Prostate cancer patients need rapid assimilation of information to weigh their treatment options and make decisions. Although patients consult a variety of information sources, outcome information that is specific to the treating physician leads to greater patient satisfaction following treatment, according to a new study published in The Journal of Urology®.
The benefits of patient information are broad. For many people confronted with a cancer diagnosis, information translates to greater involvement in management decisions, improved ability to cope, reduced anxiety and distress, better communication with family members, and increased satisfaction with treatment choices.
"The availability and quality of information are particularly relevant in prostate cancer, which affects a large number of men and is associated with significant treatment-related side effects. Despite its high prevalence, though, we know relatively little about the use and helpfulness of patient information materials among prostate cancer patients," says lead investigator John T. Wei, MD, MS, of the Department of Urology, University of Michigan Health System, Ann Arbor.
Researchers conducted a prospective, multicenter study on the use of information and satisfaction among a sample of men recently diagnosed with early stage prostate cancer undergoing definitive therapy. Over 1,200 men were enrolled in the PROST-QA (Prostate Cancer Outcomes and Satisfaction with Treatment Quality Assessment) study. Study participants completed several questionnaires before treatment and during follow-up through computer-assisted telephone interviews.
Although nearly 90% of the participants were Caucasian, 135 subjects of minority race also participated. Primary treatment included radical prostatectomy, external beam radiation therapy, or brachytherapy, with or without androgen deprivation therapy.
Researchers found that information sources used by patients varied significantly according to race, education, and study site. The most commonly used source of information was physician description (93.2%), followed by print sources such as pamphlets and brochures (82.5%). The majority of men also used other sources, including websites (68%), family and friends (63.7%), and books on prostate cancer (59.1%). Other sources, such as video media, access to other men treated for prostate cancer, and summaries of physician-specific outcomes were used less often.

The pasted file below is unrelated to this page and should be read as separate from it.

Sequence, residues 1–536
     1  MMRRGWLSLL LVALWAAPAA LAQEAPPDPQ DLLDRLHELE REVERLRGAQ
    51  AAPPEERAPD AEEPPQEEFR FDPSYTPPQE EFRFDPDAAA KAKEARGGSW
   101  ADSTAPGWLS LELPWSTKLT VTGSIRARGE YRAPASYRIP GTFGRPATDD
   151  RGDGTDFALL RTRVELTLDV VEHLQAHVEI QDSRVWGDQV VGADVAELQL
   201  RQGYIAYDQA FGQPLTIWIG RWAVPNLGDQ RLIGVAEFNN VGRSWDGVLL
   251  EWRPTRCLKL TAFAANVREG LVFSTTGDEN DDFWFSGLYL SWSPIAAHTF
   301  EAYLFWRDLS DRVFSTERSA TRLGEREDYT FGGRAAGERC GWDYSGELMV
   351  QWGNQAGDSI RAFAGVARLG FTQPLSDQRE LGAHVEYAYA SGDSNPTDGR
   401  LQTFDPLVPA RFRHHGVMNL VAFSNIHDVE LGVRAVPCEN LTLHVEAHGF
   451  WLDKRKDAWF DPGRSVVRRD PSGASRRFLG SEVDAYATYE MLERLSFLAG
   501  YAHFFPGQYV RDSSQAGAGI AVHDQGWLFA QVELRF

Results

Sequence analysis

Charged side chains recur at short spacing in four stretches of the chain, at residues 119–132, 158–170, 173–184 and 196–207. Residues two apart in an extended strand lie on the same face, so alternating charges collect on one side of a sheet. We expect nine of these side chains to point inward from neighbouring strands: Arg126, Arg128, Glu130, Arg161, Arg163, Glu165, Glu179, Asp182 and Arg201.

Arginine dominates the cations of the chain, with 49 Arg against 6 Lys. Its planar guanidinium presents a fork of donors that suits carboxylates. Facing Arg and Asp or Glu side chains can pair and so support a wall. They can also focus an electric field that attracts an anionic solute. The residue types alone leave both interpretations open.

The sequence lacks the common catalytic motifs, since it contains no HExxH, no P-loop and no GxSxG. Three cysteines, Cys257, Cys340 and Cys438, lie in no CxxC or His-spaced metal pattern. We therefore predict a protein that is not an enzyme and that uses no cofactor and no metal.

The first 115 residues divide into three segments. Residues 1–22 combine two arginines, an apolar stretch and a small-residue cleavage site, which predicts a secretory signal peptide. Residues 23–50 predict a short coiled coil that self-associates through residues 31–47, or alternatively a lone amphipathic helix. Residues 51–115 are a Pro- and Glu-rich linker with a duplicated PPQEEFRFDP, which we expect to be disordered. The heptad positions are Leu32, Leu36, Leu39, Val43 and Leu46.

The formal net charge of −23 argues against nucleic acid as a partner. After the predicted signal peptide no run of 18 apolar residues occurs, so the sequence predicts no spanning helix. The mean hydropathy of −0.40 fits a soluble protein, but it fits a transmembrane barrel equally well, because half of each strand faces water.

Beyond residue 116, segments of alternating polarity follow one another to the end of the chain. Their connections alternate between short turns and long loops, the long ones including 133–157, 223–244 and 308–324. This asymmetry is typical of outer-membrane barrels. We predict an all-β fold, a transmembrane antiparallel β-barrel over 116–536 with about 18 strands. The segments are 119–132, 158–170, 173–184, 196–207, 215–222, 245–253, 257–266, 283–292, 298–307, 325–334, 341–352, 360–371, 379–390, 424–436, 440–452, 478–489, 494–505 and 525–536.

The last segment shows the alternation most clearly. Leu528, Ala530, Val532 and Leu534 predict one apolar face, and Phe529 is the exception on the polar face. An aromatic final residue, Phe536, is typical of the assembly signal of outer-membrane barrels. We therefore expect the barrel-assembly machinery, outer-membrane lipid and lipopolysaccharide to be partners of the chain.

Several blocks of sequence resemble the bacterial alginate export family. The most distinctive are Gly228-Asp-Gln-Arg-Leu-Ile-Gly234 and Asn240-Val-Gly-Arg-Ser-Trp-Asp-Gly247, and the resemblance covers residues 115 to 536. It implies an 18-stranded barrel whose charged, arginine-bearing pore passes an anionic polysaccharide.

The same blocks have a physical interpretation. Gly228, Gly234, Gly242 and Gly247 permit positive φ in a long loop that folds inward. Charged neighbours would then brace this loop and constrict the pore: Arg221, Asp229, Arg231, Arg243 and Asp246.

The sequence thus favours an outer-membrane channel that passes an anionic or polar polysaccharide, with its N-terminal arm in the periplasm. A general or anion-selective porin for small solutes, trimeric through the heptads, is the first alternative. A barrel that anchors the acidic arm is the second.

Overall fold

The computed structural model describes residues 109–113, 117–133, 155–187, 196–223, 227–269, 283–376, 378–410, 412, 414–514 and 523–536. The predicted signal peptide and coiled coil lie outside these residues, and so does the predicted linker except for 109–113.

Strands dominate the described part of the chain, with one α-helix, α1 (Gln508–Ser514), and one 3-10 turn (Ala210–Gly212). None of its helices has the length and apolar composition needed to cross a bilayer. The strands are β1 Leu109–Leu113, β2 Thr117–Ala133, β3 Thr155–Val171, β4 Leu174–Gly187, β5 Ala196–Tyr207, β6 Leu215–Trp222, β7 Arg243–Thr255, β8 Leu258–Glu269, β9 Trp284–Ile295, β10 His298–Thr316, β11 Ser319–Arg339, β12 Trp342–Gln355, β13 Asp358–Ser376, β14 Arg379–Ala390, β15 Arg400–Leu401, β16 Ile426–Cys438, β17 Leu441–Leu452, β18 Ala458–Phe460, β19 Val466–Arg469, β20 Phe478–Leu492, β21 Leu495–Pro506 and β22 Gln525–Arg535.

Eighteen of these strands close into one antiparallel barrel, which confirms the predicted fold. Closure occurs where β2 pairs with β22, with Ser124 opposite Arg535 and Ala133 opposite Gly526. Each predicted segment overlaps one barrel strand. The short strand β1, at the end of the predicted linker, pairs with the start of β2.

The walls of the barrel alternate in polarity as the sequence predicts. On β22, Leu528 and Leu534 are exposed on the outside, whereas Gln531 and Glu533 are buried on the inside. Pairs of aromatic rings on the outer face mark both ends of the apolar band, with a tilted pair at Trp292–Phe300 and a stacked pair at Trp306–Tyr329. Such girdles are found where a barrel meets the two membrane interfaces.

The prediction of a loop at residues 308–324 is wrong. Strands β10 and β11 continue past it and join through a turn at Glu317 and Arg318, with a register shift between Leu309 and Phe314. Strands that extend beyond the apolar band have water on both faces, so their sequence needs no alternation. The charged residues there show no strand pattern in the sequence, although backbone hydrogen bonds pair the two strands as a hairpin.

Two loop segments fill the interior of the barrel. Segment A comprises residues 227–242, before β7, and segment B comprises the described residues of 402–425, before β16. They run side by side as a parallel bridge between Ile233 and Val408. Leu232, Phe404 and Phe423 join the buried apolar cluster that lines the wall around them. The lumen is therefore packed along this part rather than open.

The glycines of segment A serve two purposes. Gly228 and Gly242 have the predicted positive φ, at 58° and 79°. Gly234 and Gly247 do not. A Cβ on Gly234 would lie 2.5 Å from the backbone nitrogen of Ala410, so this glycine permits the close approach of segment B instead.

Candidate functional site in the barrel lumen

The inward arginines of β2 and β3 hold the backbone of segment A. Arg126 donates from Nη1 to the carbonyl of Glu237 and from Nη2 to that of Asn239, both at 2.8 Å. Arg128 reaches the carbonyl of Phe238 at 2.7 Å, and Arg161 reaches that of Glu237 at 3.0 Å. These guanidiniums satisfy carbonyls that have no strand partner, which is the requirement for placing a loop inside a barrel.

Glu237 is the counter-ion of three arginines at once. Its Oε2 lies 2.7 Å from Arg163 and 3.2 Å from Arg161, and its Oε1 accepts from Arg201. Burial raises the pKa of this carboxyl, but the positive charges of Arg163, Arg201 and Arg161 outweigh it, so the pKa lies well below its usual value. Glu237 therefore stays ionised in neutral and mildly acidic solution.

The use and helpfulness of different information sources varied by factors such as age, race, education level, income, and marital status. Differences in the use of sources were apparent among men of different backgrounds. In general, younger, non-black, married men with college educations and higher incomes used more sources of information. This was most apparent in the use of Internet-based sources, where there were significant differences among men of different socioeconomic and educational backgrounds. Significant differences were also seen in the use of books, family and friends, and access to other men with previous experience with prostate cancer treatments.
"These differences may be related to knowledge of and access to greater resources, although variation in information seeking behaviors and coping mechanisms among men of different demographic backgrounds cannot be discounted," observes Wei.
"For prostate cancer patients, the impact of treatment on health-related quality of life is an important consideration. Reliable pretreatment information may allow patients to set expectations regarding treatment outcomes and make informed decisions in selecting therapy. Our results indicate that outcome information specific to the treating physician is associated with greater patient satisfaction following treatment, and that this type of information may assist patients in the decision making process," he concludes.